4 out of 4 stars
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The book And Then I Met Margaret, Stories of Ordinary Gurus I’ve Met is a compilation of personal memoires by Rob White. This autobiography is colored with humorous recollections of author’s past. The stories reveal his life in a chronological order, and each experience is an honest confession of mistakes made and lessons learned from family and teachers, friends and foes. Each essay is a philosophical view on humility, generosity, honesty and other virtues.
This collection opens up a window-view into a personal journey of Rob White, a teacher and businessman. To clearly underline how experiences changed his opinions, author starts each chapter with the statement that represents his starting point of attitudes, values and believes that he refers to as The Myth I believed. Stories that follow are his transformational experiences because they markedly changed the way he thinks about others or his own actions. I found this repetitive format quite effective, as in a self-improvement manual where one can use each chapter to help focus on a different aspects of attitudes, one at a time. The author’s personal transformations are actually remarkable, especially considering that none of these were in any way required for him to improve his own welfare. I can only conclude that it is White’s inner impetus to become better human being that pushes him through these undertakings. Certainly, without an attempt to break off from tradition and to dive into an unknown territory, a truthfully transformational change in anyone’s life wouldn’t be possible.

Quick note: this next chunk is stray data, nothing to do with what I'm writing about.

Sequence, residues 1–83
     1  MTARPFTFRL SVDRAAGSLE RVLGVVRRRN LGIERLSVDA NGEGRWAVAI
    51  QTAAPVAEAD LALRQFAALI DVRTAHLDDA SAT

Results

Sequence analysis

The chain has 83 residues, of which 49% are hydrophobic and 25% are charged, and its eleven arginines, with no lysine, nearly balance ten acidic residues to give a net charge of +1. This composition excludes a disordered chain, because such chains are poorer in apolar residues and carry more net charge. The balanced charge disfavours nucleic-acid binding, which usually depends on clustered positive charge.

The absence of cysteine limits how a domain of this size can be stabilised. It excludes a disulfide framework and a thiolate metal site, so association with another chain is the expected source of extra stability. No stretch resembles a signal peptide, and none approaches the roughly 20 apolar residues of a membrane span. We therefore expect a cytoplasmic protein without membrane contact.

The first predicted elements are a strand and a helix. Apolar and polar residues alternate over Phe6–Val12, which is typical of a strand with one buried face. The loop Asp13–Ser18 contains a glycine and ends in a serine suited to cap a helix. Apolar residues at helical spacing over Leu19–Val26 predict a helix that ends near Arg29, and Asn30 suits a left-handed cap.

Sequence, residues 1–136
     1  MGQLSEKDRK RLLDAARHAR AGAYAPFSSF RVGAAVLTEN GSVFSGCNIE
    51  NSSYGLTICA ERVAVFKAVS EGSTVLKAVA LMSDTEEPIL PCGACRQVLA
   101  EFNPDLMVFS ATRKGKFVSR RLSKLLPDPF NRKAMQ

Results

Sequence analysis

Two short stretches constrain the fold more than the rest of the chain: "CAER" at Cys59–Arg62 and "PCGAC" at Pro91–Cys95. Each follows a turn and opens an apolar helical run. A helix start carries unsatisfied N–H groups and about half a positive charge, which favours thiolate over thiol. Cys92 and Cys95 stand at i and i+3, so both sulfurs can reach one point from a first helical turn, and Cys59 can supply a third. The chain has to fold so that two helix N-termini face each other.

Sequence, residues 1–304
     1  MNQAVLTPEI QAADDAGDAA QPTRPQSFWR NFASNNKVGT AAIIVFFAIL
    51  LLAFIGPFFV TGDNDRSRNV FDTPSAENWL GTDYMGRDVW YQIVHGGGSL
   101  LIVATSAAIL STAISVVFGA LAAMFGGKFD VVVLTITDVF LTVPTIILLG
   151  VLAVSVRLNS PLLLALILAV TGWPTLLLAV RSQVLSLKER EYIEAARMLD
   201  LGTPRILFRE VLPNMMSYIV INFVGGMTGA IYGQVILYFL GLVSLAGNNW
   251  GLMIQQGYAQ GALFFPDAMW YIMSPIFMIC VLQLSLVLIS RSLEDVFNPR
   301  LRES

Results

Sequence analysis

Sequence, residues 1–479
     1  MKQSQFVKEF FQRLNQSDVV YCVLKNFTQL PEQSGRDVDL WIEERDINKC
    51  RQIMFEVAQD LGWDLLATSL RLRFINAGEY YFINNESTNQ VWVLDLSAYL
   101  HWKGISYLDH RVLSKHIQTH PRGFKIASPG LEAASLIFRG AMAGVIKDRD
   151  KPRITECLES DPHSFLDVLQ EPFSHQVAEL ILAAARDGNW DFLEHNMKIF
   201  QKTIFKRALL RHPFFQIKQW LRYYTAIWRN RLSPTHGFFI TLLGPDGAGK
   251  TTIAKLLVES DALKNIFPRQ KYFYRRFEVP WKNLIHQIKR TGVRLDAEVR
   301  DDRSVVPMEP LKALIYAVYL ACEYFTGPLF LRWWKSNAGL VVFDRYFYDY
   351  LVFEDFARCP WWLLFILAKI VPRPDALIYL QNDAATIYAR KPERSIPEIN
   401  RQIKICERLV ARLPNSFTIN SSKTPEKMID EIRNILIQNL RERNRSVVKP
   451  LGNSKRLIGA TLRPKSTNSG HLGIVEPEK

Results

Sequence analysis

Intriguingly, I found that author’s Realities discovered, placed at the end of each chapter, are applicable to situations that many encounter daily. Much more than a wealth and fame he has achieved, I was interested in a personal growth of Rob White as a human being, because this is something applicable to everyone. For example, kindness is often overlooked and undermined by our busy whereabouts. I loved the story about White’s Aunt Theresa and her perseverance to encourage confidence in a little boy. Although it took many years for White to truly understand Aunt Theresa’s deep conviction, thanks to all her efforts he was able to grow confidence and courage for the future. Aunt Theresa knew well, to put her pride and a trill of winning second to the unwavering kindness and love for the children. I hope that every child meets a selfless guru like her.
Humility, is not commonly learned quality, or often practiced discipline in a professional life. I was touched by the story of The Massai Mother, an equally disturbing and teachable lesson. The author resists a temptation to call for help when encountering a sick child and, instead, becomes a passive observer of an ending life. White admires strength of a grieving mother as she accepts the loss of her baby as her gift back to the nature which they are a part off. The loss of a child could be one of the most devastating experiences to the parent. Although I was not certain that the author truly had the same feelings that parent would have, he certainly did experience humility as a new state of mind. Clearly, he understood how the fate of human race is tightly intertwined with, and remains inseparable from the forces of nature. We should be more often reminded of how crucial our connection to the environment is.
In this beautifully written autobiography, we follow how Rob White fights demons of insecurity, self-acceptance and integrity. I would recommend this book to my family and friends, and anyone interested in character self-improvement. In my opinion, this book can help anyone to better understand actions of those around us. I think that a unique value of this work is not only in recommending hard work or excellence, but in carrying a message of hope for success. There are a very few grammatical errors, such as repeated or miss-typed words. I welcome the honesty in self-reflection this work presents and for this reason I rate this book with 4 out of 4 stars.
And Then I Met Margaret
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